Creative works of art can also be crowdfunded. For example, independent movie-makers can finance their production through crowdfunding in exchange for DVD copies of the movie, or for "executive producer" credits. Literary authors can ask for pledges in exchange for copies of their published work.

The possibilities for what kinds of projects can be funded are endless, and are only limited by the restrictions and policies of an individual crowdfunding site.

Success Stories (and Failures)

Crowdfunding can involve anywhere from a few hundred dollars to thousands. One of the most successful stories is that of the Pebble Watch, which fetched $10.27 million through KickStarter in April of 2012. The Pebble is a customizable watch that synchronizes with smartphones. After failing to woo traditional investors, the Pebble Technology launched a drive on KickStarter with a goal of just $100,000. The final amount of funding raised was 10,266 percent of the company’s original goal! At the time, it was the most successful campaign that KickStarter had ever supported.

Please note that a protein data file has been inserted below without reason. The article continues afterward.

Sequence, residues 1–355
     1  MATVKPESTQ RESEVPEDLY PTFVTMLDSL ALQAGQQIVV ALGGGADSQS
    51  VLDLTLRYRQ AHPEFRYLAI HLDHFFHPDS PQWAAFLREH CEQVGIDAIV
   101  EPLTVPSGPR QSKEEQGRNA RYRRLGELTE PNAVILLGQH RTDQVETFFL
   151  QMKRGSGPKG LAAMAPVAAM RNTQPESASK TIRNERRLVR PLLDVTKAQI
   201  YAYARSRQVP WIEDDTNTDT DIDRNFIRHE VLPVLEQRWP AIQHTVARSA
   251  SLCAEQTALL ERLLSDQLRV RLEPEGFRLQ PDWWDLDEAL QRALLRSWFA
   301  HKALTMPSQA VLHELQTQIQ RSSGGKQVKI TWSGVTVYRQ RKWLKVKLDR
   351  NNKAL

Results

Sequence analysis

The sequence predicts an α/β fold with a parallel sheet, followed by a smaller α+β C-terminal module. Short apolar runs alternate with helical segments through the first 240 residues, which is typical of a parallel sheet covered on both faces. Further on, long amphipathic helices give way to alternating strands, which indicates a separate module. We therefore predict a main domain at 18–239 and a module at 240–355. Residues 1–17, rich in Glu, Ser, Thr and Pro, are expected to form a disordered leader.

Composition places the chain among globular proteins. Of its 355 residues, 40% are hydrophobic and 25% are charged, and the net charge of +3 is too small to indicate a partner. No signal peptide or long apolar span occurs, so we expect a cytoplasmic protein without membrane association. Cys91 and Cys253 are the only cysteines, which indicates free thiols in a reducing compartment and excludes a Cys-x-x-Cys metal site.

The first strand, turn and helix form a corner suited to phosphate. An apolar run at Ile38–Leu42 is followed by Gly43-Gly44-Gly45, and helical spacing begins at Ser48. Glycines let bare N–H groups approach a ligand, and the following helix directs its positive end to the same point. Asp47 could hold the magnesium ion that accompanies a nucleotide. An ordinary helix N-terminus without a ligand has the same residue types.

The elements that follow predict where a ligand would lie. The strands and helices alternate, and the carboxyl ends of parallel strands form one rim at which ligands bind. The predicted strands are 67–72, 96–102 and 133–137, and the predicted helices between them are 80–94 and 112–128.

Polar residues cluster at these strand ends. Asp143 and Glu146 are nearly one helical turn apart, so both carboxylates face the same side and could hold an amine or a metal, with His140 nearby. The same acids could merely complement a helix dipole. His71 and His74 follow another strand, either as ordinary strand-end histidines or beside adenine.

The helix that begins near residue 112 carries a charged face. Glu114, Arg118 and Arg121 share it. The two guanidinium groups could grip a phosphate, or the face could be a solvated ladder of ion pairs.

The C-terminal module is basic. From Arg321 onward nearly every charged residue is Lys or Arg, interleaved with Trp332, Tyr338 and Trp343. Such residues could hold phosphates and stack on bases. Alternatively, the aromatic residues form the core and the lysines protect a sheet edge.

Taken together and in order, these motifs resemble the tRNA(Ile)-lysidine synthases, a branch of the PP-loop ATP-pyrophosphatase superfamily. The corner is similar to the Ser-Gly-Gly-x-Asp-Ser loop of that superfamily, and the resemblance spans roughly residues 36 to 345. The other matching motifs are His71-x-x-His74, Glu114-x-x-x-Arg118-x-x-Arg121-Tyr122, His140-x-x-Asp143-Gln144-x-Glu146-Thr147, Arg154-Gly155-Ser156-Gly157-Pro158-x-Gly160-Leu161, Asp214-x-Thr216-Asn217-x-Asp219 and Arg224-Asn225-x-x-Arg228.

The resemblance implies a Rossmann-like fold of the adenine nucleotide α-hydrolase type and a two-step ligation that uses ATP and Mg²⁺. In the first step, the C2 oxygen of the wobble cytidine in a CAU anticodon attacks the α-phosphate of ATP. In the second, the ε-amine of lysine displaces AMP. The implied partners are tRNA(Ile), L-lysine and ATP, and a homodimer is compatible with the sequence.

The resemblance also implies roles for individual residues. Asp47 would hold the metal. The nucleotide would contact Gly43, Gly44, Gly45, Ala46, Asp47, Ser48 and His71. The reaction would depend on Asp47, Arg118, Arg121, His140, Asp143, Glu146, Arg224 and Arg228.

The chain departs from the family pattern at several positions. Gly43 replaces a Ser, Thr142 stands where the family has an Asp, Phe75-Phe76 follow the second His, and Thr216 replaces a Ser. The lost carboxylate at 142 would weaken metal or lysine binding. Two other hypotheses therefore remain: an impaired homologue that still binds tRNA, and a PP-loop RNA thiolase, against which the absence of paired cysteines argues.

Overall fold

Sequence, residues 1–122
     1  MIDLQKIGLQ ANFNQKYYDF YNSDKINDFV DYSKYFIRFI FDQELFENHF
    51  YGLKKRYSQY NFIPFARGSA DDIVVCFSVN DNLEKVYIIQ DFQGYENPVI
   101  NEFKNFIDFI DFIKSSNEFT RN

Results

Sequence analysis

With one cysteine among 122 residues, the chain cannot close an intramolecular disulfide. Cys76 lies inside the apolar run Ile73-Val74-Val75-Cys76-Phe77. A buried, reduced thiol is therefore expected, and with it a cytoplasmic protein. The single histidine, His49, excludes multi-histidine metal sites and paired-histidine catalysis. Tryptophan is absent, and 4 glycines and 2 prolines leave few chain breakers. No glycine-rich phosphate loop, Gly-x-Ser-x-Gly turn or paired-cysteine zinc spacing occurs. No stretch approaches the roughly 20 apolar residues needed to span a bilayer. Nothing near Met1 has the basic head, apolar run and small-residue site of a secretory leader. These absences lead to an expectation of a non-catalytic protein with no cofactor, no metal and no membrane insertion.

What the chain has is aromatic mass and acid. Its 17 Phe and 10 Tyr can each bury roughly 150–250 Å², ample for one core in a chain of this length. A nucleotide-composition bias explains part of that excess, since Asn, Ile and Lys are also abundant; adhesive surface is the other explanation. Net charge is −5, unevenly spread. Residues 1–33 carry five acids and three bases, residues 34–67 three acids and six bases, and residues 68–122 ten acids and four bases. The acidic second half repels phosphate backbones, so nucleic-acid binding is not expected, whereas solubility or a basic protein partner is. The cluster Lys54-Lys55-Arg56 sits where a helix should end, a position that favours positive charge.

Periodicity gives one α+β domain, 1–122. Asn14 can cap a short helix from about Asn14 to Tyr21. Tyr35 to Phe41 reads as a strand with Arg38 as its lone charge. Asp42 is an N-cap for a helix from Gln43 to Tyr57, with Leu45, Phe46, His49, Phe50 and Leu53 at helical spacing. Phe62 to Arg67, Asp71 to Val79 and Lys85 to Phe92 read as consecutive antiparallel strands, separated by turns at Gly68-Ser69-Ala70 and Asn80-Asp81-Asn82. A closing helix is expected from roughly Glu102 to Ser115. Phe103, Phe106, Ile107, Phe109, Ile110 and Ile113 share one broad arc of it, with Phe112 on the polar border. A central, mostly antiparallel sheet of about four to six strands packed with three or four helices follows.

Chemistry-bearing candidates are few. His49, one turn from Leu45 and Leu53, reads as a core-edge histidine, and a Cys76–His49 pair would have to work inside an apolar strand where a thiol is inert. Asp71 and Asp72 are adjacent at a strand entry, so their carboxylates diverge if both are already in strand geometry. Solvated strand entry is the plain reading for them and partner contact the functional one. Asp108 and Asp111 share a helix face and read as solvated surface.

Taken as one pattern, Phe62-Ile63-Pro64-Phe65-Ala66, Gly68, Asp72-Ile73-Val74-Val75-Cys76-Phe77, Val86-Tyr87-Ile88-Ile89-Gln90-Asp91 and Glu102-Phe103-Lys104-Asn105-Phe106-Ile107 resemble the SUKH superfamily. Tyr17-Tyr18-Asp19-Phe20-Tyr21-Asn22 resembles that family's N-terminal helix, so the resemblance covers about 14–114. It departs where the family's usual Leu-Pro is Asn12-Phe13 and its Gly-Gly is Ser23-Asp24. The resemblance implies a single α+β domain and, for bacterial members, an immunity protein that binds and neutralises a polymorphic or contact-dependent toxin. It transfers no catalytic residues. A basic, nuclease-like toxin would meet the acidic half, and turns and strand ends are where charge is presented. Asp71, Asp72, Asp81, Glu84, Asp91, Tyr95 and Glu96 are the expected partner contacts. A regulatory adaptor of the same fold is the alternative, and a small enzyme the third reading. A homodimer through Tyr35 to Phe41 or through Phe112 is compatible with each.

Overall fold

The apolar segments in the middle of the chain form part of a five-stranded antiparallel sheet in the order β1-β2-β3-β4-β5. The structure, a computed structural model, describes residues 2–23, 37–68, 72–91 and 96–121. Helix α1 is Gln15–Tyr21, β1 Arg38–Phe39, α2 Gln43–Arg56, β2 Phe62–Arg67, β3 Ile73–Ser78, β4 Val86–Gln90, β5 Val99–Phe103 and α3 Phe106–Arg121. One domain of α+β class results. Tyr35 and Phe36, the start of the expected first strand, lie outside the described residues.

Another similar KickStarter project was the TikTok touchscreen watch, a kit that allowed users to turn an iPod Nano into a wristwatch. The project got $942,000 in funding in 2010, which was well over the company’s $15,000 goal.

Other areas of interest also have their respective success stories. These include the record, art, book and tour by independent musician Amanda Palmer, who got $1.193 million in funding from a $100,000 goal, while the Crania Anatomica Filigre figurine by Joshua Harker got $77,271 in funding, with an priginal target of just $500.